Taiwan reduces COVID-19 quarantine to seven days for arrivals
Taiwan announced on Tuesday it was reducing the mandatory 10-day quarantine for all arrivals to seven days, its latest relaxation of rules to try to live with COVID-19 and return to normal life even as the number of domestic infections rises. .
Taiwan has kept its quarantine rules in place as large parts of the rest of Asia eased or lifted them altogether, although it already reduced the time spent in isolation from two weeks to 10 days in March.
Taiwan has reported some 125,000 national cases since the start of the year, driven by the more infectious variant of Omicron, but with more than 99% of those showing no symptoms or mild symptoms, the government has eased rather than tightened restrictions in what he calls the “New Taiwan Model.
Taiwan’s Central Epidemic Command Center said the relaxation of the quarantine rule, which will come into effect next Monday, was made due to Omicron’s short incubation period and to take into account “maintenance of the national capacity for pandemic prevention, socio-economic activities and effective risk control”. .”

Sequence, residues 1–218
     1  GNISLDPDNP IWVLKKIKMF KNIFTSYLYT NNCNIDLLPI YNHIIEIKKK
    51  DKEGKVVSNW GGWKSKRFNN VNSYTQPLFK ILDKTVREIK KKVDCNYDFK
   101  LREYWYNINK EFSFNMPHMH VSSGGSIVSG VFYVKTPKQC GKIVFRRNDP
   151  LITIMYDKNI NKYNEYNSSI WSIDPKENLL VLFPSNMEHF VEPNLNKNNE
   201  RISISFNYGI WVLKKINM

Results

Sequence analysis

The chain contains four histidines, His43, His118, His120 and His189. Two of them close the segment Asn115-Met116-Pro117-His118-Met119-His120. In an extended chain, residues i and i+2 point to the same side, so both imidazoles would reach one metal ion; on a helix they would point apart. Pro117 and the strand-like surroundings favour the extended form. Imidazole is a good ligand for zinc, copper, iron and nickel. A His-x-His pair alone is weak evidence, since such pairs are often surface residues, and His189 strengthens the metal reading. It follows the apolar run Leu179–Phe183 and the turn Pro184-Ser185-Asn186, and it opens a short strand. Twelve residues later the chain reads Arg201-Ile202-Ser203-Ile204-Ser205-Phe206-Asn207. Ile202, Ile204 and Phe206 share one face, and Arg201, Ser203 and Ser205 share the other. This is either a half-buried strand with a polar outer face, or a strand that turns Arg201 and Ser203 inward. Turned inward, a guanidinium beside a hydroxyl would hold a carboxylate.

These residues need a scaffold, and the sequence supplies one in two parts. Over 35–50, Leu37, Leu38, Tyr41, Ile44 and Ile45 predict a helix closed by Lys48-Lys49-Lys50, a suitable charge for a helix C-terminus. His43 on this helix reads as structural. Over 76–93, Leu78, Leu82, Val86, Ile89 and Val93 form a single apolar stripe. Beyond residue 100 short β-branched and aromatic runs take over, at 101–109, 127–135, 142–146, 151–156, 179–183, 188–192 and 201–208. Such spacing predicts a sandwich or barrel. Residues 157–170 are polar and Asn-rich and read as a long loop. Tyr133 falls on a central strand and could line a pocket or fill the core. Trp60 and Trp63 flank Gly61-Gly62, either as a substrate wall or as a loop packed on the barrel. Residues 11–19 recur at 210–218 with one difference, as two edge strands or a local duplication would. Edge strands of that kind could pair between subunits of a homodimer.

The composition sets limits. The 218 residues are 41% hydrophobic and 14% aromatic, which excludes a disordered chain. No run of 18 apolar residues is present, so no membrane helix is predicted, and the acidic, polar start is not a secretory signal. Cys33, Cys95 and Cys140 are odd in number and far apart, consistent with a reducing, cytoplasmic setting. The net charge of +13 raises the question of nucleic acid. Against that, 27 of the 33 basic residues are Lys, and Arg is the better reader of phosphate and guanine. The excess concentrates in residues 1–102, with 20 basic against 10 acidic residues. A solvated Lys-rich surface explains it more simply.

All arrivals will still be required to take PCR tests upon arrival in Taiwan, and the seventh day of quarantine will be released as long as they test negative on a rapid test, he said.
The requirement for negative PCR tests before departure remains in place.
Quarantine for close contacts of infected patients is now three days as the government seeks to ease the burden on officials monitoring those in isolation as the number of household infections continues to rise.
The government has not given a timetable for fully reopening its borders, and restrictions remain in place on who can visit. Citizens and foreign residents are free to come and go, but most other visitors need special permission.
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